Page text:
7. Recently, I have started a YouTube channel featuring tutorials on making 2D games in Unity from the ground up. This includes planning, asset creation, programming (in C#), and, once the game is finished, publishing.    Here's the link the the channel:    https://www.youtube.com/channel/UCq417Slwr-Qt8hN-gemJS0w?&ab_channel=GameDevelopmentinUnity   I would like to get advice for how to improve upon this channel, especially from beginners who have little experience using Unity or game development in general. Is my pacing too fast or too slow? Can you understand what I am doing? Is there something I missed with the explanations? Is there something I need to expand upon?    Any constructive criticism and general thoughts you have will be helpful. 
  8. Mister L

    Making Your First Game Is Only 7 Steps Away

    The problem with this "tutorial" is that you didn't really teach anyone anything, other than how to export the finished project. When doing these types of tutorials, you need to ask "what should the target audience learn?" Since you want to give a general idea of how game development works, you need to go over the fundamental aspects from sprite creation, programming, testing, debugging (perhaps purposely make code not work as intended and fix it in another stage of the tutorial), polishing, and, after many hours of hard work, publishing. There's also a matter of knowing how to use the game engine, and teaching what the audience needs to know about the game engine.    I can't really see this blog post as a tutorial because it don't go over any of that. All it teaches is how to download sample assets and publish; that would be fine, if that was what you intended. If you want to do these beginner-friendly tutorials, you need to be a lot more in-depth with how unity works, how to program in C# or JavaScript (depending on your preference), and the steps to building a game from the ground up. Also, try to limit sample assets to just the sound effects and sprites, meaning no components, no scripts, no pre-built scenes, just the default editor when starting a new project, sound, and imported sprites (it's counter-intuitive to teach someone by giving them all the answers).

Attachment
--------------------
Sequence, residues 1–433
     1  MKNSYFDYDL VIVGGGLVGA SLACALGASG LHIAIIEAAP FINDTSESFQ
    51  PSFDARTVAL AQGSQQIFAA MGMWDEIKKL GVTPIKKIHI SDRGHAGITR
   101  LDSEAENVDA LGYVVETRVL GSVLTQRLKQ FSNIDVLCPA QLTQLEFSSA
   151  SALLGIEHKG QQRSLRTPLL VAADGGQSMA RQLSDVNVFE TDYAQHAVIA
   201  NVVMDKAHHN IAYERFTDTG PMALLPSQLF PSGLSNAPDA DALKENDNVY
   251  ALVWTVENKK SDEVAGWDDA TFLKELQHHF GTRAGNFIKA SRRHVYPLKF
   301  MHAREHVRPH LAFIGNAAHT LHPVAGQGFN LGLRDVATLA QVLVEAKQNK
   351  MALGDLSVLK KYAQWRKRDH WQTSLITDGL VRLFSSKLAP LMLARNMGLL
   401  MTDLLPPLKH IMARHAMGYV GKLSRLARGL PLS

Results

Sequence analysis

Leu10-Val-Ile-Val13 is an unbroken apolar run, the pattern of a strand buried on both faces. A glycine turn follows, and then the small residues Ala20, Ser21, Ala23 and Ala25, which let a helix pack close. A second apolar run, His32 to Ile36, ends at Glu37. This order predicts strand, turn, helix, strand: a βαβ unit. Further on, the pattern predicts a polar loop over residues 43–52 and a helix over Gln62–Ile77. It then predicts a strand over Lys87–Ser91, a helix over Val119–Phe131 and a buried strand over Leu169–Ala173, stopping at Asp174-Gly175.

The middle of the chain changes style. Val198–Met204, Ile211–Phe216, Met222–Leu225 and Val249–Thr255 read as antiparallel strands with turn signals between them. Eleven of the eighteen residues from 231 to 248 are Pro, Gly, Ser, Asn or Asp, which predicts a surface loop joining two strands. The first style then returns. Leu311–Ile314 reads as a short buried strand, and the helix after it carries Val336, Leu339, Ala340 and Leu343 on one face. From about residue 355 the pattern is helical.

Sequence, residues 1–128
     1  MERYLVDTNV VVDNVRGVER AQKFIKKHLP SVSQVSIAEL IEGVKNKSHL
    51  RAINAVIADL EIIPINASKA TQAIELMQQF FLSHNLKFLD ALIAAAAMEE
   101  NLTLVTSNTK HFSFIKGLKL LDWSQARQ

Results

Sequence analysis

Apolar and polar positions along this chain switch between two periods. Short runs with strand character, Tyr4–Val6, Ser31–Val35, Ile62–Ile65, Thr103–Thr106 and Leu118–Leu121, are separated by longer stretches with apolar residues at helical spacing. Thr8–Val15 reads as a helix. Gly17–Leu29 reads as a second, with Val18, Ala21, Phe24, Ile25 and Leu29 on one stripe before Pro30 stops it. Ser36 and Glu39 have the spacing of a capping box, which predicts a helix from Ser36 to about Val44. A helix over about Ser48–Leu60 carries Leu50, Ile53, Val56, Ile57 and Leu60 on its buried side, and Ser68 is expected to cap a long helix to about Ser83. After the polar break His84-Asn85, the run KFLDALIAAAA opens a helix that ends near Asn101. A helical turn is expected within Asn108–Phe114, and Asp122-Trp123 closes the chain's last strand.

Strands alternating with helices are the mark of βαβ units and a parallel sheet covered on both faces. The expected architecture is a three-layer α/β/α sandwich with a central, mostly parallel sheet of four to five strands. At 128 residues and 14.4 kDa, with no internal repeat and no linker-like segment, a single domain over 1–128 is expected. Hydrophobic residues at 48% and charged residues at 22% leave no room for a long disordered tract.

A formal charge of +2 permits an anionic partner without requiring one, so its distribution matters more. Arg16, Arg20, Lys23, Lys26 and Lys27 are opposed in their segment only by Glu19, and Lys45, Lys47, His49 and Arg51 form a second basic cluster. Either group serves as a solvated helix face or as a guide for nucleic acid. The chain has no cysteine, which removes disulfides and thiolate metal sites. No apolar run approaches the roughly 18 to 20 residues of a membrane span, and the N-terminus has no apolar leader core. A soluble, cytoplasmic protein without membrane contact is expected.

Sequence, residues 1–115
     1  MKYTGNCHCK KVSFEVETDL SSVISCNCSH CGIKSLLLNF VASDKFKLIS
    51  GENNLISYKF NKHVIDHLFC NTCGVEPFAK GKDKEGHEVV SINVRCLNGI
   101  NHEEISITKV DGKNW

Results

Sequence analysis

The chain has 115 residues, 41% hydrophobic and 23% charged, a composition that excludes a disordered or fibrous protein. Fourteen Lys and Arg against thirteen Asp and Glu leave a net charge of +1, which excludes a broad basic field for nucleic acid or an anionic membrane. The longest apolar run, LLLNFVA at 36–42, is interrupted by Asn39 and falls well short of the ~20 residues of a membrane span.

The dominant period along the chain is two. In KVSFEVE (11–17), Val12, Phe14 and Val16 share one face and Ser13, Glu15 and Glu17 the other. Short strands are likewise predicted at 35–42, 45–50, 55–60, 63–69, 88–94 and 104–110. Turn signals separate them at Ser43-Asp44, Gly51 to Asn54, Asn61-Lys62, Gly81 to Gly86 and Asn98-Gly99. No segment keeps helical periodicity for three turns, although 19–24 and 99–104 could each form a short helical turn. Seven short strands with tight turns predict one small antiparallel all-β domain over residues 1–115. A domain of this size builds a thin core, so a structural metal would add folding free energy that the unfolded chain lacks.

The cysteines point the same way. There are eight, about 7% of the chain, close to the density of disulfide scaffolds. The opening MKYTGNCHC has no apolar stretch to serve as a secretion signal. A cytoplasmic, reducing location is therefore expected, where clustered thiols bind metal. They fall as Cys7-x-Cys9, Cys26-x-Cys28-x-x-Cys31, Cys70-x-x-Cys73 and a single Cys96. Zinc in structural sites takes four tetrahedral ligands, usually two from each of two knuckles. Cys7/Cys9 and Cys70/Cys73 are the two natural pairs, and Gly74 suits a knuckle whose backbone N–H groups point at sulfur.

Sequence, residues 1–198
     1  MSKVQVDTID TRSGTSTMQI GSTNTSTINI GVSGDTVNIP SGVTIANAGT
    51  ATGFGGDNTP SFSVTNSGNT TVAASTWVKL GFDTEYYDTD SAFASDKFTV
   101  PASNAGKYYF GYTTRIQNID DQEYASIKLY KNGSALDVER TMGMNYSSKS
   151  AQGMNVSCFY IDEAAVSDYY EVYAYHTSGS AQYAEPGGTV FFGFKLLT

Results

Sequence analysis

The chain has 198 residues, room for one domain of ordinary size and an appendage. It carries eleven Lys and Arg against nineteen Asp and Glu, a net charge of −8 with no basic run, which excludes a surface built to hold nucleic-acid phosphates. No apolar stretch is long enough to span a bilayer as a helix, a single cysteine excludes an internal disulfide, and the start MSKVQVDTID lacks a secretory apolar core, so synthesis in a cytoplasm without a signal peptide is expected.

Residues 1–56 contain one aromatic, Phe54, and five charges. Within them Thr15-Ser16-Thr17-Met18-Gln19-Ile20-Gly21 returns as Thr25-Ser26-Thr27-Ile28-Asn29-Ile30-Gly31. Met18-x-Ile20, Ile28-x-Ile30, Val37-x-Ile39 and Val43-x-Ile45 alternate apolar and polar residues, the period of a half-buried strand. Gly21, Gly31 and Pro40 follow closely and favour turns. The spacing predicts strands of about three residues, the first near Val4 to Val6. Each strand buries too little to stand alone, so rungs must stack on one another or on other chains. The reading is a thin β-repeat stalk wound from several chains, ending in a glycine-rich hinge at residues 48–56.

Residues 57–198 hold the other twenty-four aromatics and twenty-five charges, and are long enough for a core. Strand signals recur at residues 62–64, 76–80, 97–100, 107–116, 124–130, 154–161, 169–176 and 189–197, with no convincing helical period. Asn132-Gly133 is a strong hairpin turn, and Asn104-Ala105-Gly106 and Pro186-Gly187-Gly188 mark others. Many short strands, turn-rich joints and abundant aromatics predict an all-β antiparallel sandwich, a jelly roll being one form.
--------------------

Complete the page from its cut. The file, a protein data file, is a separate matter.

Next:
9. Yeah, I don't think I will be able to finish this project, and I haven't made enough progress to want to continue pressing forward. Perhaps the problem is that I don't know how to implement the mechanics to make them fun and engaging, either I don't have enough skill or determination to make this concept work and be satisfied with the outcome. Nonetheless, I feel like it would be best to work on a different game.    In fact, I have been working on a different project that actually has a clearer sense of direction. It's a top-down game where the player must maneuver through an obstacle course, eventually reaching the goal flag and completing the level. There are stuff like lasers, moving walls/ platforms, switches, and projectiles. Since this uses similar mechanics that I have already experimented with, I believe I am more capable of seeing this project through, and I will be satisfied with the end result.    I may go back to my block puzzle idea, but, unless I find a way to fit the mechanics in a way that is appealing, the project will remain in digital purgatory. In the meantime, I am going to continue working on my obstacle course project!
  10. My current project is a puzzle platformer where the player must navigate blocks to the goal while dodging obstacles and solving puzzles. Each block will have different abilities, such as green blocks can move on land while blue blocks are good swimmers. My problem is: I have been unable to make any good progress. I started working on this idea months ago, but I constantly find myself reconsidering concept and mechanics, and I am wondering if I should scrap this and work on something completely different. Simply put, I don't want to make a platformer because I already did a few others, and I want to work with a different genre. However, I don't want to waste the work I put in because I like the idea, and it has a lot of potential. Does anyone have advice for what I should do? Would it be wise to quit this project, work on a few different projects, and, if I feel like I can make this work, return to this idea? What should I do in my predicament?
  11. Mister L

    My Block Puzzle Game